Malvaxia Passito dessert wine at Barboursville Vineyards outside Charlottesville, VAIt’s funny how things go sometimes.  I recently wandered up to Barboursville Vineyards on one of those seemingly not-so-rare mild February days, half fevering for spring already.  Barboursville was an intentional destination, as I’d been gifted a certain bottle and thought to compare mine against the rest of the winery’s extensive lineup.  Turns out something totally unexpected stole my wine loving heart: the 2006 Malvaxia Reserve Passito.

First introduced in 2001, the Malvaxia Passito is a labor of love.  Unlike the process for making ice wines, grapes for this style of wine are never frozen.  Instead, following Italian tradition, the choicest Moscato Ottonel and Vidal grapes are hand-picked and harvested before the first frost, then air-dried on open racks for 100 days before pressing and subsequent aging in small oak barrels for 18-24 months…none of which I knew while standing at the Barboursville wine bar.  It’s fascinating stuff, winemaking, but for me it’s backstory.  My litmus test for wine tasting is simple:  Do I like it?  If the answer is yes, as it was with the Malvaxia Passito, then I’m curious to know why and set out to learn what I can.

As a full-bodied, intense dessert wine, the Malvaxia Passito came last in the day’s tasting, and for me it was an unexpected pleasure.  Colored like honey, this wine offers layers of flavor, reminding me mildly of apricots and nut.   Think fruit and honey when you sip, and it’s not a far reach to sense them.  Sauvignon Blanc lovers, don’t let the tag “dessert wine” scare you: its sweetness (12% residual sugar, for those who were wondering) is counterbalanced both by depth of flavor and a bit of acidity.  The flavors, and fragrant aroma, linger long after the first sip.  Heady.  The wine makes a happy companion on its own, but to those of you who are curious but care to curb your sweet tooth, it would be fun to pair with some nice cheeses and see which combinations pop.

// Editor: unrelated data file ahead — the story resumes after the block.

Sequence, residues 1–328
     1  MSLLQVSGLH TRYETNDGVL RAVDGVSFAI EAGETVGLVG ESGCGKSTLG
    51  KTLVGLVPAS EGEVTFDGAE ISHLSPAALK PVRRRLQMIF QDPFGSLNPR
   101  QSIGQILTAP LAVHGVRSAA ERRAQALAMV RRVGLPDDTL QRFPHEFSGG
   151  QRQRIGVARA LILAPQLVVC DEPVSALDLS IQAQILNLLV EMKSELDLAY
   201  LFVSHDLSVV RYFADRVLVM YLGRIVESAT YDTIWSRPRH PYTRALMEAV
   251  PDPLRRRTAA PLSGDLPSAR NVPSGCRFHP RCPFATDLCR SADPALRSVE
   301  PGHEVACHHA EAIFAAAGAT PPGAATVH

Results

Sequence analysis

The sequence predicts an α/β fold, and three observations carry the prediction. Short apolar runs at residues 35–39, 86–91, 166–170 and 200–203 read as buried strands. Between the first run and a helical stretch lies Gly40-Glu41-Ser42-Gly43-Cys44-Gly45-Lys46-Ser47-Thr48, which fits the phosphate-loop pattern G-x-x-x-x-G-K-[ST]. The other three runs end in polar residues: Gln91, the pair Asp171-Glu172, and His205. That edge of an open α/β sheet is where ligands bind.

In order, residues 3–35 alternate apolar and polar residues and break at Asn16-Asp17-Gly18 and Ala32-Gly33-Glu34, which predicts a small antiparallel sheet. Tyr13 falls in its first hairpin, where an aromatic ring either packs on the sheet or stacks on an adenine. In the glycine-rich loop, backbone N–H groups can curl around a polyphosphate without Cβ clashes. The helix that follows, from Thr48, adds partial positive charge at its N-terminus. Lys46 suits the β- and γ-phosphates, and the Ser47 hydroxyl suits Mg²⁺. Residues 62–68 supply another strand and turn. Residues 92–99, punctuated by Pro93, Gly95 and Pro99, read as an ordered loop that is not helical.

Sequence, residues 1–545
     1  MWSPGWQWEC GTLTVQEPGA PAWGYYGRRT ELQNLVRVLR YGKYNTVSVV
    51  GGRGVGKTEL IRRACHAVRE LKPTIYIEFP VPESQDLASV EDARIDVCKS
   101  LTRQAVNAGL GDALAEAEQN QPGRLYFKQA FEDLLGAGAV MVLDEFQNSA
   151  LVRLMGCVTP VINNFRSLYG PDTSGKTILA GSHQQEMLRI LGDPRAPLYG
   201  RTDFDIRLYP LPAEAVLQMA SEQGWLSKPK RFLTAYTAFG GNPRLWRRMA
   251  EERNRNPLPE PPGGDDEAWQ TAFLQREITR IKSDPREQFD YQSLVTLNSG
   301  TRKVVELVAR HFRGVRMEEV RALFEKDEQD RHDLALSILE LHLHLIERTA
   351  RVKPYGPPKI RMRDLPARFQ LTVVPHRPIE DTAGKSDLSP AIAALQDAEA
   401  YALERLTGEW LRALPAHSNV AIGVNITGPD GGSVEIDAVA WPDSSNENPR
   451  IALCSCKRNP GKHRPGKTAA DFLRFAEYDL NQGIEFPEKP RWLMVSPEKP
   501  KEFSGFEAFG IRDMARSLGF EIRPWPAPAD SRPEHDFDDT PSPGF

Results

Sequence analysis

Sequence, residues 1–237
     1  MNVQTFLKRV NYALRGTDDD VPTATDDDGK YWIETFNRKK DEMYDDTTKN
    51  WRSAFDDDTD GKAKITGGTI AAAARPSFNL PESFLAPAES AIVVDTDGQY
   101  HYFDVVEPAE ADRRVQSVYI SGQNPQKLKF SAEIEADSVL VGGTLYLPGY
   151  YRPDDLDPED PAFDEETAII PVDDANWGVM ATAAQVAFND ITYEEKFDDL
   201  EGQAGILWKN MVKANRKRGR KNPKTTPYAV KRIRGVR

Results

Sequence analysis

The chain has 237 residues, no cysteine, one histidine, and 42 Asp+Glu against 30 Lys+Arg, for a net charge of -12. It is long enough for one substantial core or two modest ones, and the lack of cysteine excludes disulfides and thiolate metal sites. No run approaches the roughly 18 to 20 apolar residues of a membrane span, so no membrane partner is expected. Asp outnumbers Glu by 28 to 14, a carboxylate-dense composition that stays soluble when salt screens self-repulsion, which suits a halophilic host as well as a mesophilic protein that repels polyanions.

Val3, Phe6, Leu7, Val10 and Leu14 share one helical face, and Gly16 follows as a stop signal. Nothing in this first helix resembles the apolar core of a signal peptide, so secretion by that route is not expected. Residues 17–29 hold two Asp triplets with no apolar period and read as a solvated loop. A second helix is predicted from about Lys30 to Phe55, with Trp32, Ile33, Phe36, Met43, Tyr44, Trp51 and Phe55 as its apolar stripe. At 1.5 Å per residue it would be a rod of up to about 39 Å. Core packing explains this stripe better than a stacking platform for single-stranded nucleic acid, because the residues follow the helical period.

Unfortunately, the tasting room doesn’t offer comfortable space for lingering inside with a glass or bottle.  Foodies might opt to check out the attached Palladio Restaurant; I opted for a stroll up the lane to visit the Barboursville Ruins, impressive remnants of a 19th century plantation house designed by someone with whom you may be familiar, who tended to favor octagonal shapes and domes.

At $29.95 a bottle, the Malvaxia Passito is a bit of an investment, but if you have more willpower than this girl, hang on to it for up to eight more years.  If you’d rather enjoy it now, a nip at a time, my opened bottle kept for a good week in the fridge.  Just be sure to re-cork it.  Salute!